Self finished the Francisco Goldman novel (The Divine Husband) around 1 a.m. (Three out of four stars!) and immediately began reading the next book in her pile, a book that was on The Economist’s list of Best Books of the Year 2005, A Life in Secrets: Vera Atkins and the Missing Agents of WW II. Self was so riveted she had to force herself to stop reading, around 3 a.m. If not for Gracie’s whining to be fed, self would have been late for her tutoring at the Writing Center: she didn’t get up until 9:30! Then, after scrambling into her clothes and hot-footing it to Belmont, self was informed that school hadn’t started yet, the first day of class wasn’t until Wednesday (!!). So she went home and resumed reading her book. And — let’s just say, self’s at page 61, and her jaw’s already dropped several times.
The subject of this book is a mysterious Romanian named Vera Atkins who was one of only two female officers working for Britain’s World War II spy agency, SOE (for Special Operations Executive). So far, in Part I, her job seems to consist of bucking up nervous agents with “pep talks” and accompanying them to the airfields from where they embark on their clandestine flights to enemy-occupied France (from which many would not return.)
Self finds it incredible that the recruits, who were to conduct top secret missions behind enemy lines, were chosen if they could speak at least passable French. In their files, their British “handlers” scribbled such things as “talks too much” (about a radio operator). Twice, women recruits were described as “innocent, childish” (but they were parachuted into France anyway). One twenty-three-year-old volunteer, a war widow (her husband was a member of the French Foreign Legion and was killed early in the war) presents with a young baby: all she wants to know is about provision for her child in the event of her death.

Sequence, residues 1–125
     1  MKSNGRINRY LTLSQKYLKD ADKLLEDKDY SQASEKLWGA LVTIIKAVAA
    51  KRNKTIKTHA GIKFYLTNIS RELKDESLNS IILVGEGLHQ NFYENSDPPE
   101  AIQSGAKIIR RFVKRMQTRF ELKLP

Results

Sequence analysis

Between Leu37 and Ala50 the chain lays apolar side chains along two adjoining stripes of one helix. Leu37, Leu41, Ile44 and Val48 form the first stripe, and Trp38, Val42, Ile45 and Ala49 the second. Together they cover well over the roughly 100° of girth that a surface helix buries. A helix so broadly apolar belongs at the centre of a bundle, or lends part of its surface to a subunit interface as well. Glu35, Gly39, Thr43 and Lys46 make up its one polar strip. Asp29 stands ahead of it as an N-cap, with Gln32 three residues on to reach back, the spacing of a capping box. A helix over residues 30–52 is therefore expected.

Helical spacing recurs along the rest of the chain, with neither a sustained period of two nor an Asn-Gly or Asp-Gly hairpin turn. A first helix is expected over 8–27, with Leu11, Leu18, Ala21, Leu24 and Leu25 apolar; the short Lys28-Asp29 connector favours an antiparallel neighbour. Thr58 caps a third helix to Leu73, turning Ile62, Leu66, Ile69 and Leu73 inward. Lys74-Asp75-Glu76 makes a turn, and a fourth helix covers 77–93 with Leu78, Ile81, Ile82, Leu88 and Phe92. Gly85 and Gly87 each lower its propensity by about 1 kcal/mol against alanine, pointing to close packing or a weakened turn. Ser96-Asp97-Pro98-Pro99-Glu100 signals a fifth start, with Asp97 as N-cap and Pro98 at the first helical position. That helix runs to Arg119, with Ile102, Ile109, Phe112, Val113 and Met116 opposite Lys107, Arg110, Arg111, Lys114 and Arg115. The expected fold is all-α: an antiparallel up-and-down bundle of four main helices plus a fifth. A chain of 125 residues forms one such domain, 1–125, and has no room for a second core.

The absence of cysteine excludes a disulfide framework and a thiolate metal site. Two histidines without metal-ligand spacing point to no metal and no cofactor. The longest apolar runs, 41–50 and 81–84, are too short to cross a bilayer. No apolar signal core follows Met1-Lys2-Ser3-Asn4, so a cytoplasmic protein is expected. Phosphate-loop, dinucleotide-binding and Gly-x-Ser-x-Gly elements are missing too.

Vera Atkins writes on the widow’s file: “A new and fairly promising trainee.” Another officer (probably male?) writes, tersely: “This girl has a young baby. I wonder if she realises what she is doing.”
Oh, and, another thing? The British spymaster, Maurice Buckmaster, is a dufus! Informed by assistants that a series of coded messages sent by a behind-the-lines radio operator were probably “contaminated,” he demanded to speak in person to the aforementioned operator, to clear up all suspicions. So a pre-arranged time and date were agreed upon for the operator to speak to Buckmaster through an S phone, a “directional microwave trans-ceiver.” Even after the “person on the ground spoke English with a heavy guttural accent,” Buckmaster claimed that the vocal distortions must have been caused by “atmospheric conditions” and continued to drop British agents into occupied France, into the very eager hands of waiting Gestapo.
Earlier in the book, it is stated that General de Gaulle had his own network of clandestine spies operating in occupied France, but he loathed the British SOE (name of the spy agency) and would have nothing to do with them. Refused even to share information, which the British considered the height of boorishness.
Well, after reading Part I of this book, self thinks General de Gaulle was smart! Probably the smartest man in the room!
Self thinks that when the war ended, Maurice Buckmaster should have been put on trial for gross incompetence!
Stay tuned, dear blog readers, stay tuned.